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https://www.duolingo.com/harvard14

How to roll my r's?

I love learning spanish, but I always have trouble rolling my r's. Tips or Suggestions? Gracias. ¡Ustedes son fenomenal amigos!

3 years ago

31 Comments


https://www.duolingo.com/bobster708

just pretend your a racecar

3 years ago

https://www.duolingo.com/liamtbrand
liamtbrand
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Vrrrrroom, vrrrrroom :D

3 years ago

https://www.duolingo.com/liamtbrand
liamtbrand
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Try breathing out through your mouth and then moving your tongue back from your teeth, lightly holding it up against the roof until it vibrates. Make sure the tip of your tongue is away from your front teeth, but still near the front of your mouth, if you can get it to bounce try move it back and forth a little to find where the sweet spot is. :)

3 years ago

https://www.duolingo.com/harvard14

Thanks. And by the way, i'm amazed how many languages you are learning! Great job!

3 years ago

https://www.duolingo.com/Cyneburg
Cyneburg
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You kind of vibrate your tongue on the roof of your mouth. I grew up with the sound and my mom would ask me if I could do it growing up so it's kind of natural to me. I've known people who have taken Spanish for years and just can't do it no matter how hard they try. My dad does a very weak version of it. It's cute lol.

My mom told me as a kid growing up to get the sound the nuns would have them practice railroad, ferrocarril. I guess you can practice with that.

3 years ago

https://www.duolingo.com/supainanoko
supainanoko
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In elementary school, we had a whole tongue twister like that: erre con erre cigarro, erre con erre barril, rapido corren los carros cargados con rocas al ferrocarril.

3 years ago

https://www.duolingo.com/superdaisy

Oh my god, I remember that one too!

The rhyme ended "boom boom" for some reason.

When I googled for more info on the toungetwister, I found this page with six more fun ones. That tres tigres one kind of killed me.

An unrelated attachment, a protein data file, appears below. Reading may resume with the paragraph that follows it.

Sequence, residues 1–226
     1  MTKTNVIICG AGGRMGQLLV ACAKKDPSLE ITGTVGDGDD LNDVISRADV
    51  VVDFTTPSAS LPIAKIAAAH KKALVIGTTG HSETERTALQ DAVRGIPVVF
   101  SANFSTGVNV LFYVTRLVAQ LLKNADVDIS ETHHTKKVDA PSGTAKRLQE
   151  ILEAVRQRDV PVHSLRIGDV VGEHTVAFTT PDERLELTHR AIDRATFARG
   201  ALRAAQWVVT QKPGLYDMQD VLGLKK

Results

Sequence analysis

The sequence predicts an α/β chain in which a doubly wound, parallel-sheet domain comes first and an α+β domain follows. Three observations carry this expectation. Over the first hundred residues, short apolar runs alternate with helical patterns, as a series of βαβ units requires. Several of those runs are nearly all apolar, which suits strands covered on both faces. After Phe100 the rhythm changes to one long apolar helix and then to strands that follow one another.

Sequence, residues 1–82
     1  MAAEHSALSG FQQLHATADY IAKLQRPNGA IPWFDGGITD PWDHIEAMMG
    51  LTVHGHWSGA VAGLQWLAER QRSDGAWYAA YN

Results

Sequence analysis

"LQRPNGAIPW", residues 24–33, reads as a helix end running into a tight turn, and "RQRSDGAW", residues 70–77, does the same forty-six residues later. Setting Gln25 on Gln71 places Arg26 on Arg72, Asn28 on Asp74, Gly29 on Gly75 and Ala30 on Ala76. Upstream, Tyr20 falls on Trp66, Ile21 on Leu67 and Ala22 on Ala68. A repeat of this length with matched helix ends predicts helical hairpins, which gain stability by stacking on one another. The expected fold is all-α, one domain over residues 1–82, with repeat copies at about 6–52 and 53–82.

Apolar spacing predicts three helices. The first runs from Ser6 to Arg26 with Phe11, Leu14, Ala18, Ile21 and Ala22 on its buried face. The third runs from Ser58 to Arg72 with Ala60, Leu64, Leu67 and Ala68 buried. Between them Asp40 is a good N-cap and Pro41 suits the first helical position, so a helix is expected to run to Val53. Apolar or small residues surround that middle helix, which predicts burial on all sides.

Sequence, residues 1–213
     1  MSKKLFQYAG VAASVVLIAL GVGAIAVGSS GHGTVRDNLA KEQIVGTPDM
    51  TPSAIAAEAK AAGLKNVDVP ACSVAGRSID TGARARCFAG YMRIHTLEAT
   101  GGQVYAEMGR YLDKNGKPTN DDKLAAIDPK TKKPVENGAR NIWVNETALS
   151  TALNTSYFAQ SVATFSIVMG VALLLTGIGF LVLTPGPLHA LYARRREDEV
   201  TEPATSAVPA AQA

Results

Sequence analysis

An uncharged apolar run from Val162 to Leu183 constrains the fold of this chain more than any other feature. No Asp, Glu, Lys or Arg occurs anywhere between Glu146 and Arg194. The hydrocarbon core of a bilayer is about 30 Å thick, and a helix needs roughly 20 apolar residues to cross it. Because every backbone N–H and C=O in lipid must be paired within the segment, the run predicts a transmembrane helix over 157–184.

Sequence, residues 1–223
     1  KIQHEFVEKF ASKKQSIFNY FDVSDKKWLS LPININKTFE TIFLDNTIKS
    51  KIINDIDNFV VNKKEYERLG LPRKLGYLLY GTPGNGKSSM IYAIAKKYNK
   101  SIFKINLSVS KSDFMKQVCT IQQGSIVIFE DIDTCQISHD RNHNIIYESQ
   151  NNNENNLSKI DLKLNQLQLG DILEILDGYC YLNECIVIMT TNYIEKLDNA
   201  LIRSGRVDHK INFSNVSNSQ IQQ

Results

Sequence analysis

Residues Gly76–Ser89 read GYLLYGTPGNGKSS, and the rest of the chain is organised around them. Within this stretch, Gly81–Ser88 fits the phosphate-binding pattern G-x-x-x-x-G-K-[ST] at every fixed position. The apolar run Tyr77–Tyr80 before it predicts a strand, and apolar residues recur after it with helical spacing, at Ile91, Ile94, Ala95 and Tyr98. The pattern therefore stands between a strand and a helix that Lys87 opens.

3 years ago

https://www.duolingo.com/harvard14

Thanks :) Ill try it!

3 years ago

https://www.duolingo.com/Zuquita

This might sound crazy, but I could never roll my Rs until I started to watch a lot of Spanish tv. I wasn't speaking at all, but I was spending hours watching telenovelas. Suddenly, I could roll 'em.

3 years ago

https://www.duolingo.com/korra112244

Do you have any telenova recommendations?

3 years ago

https://www.duolingo.com/Zuquita

Lots! Sometime I'll do a post about them and how much Spanish I've learned from them, but for now, here's this:

I'm in the US and really can only access Mexican ones. Also, I don't care for the dark and violent narco-war thriller type, the ones for teeny boppers, and as for any that attempt to be funny, let's just say that Mexican comedy doesn't export well and leave it at that.

So, within in the more traditional love story ones that I prefer, I can't really recommend any that are airing right now, but good older ones that you can find being rebroadcast sometimes, or on youtube or a service like HULU Plus (as far as I know, Netflix doesn't have any or many) are: Teresa, La Que No Podia Amar, and Amor Bravio.

Others that are good but not fantastic (IMO) are: Destilando Amor and Mentir Para Vivir. One that was really bad in many ways but had lots of wonderful mariachi music that almost made it worthwhile was Que Bonito Amor.

I watch them with the Spanish subtitles and that helps my comprehension tremendously. I've also learned to read really fast! I'd also recommend starting watching them from the beginning or close to it. They go on for 150 or 200 episodes sometimes, so the plots get complicated and it's hard to just jump in the middle and try to figure out 'que the heck' is going on.

3 years ago

https://www.duolingo.com/korra112244

Thanks so much! I watch alot of Korean dramas, so I was hoping to find a similar way to practice Spanish. I will look up these titles and watch with Spanish subtitles. Wow, 150 episodes is so long!!! But thanks! Estoy emocionada! (:

3 years ago

https://www.duolingo.com/Zuquita

You're very welcome.

150 (or more) episodes is really long, and sometimes there is a lot of fluff and filler to extend the story. I guess that it is relatively cheap and low risk for the studio to produce more episodes to make an existing, successful novel longer, compared to producing a new show. For whatever reason, it is rampant.

One good thing is that there is a clear beginning, middle and end to the stories. They don't go on and on for decades and never end like the American ones.

Mentir Para Vivir is a fairly short one at about 60 episodes.

3 years ago

https://www.duolingo.com/Jemar1

What methods were you using when 'practising'?

3 years ago

https://www.duolingo.com/Zuquita

Jemar1, if you are asking me what I was doing to practice rolling Rs, the answer is nothing in particular. I had studied Spanish off and on for years and had tried all the usual ways to learn to roll Rs, but I could never do it. When I started watching novelas, I didn't have much opportunity to speak in Spanish, but I was hearing a lot of it. Then, when I did speak, all of a sudden, rolled Rs were happening for me and I'd say that in general my pronunciation improved a lot. I can't explain it, other than there is a link between listening and pronunciation, even if it doesn't seem that apparent. The novelas gave me more extensive listening practice than I had ever had before. First language has to go into our brains before it can come out.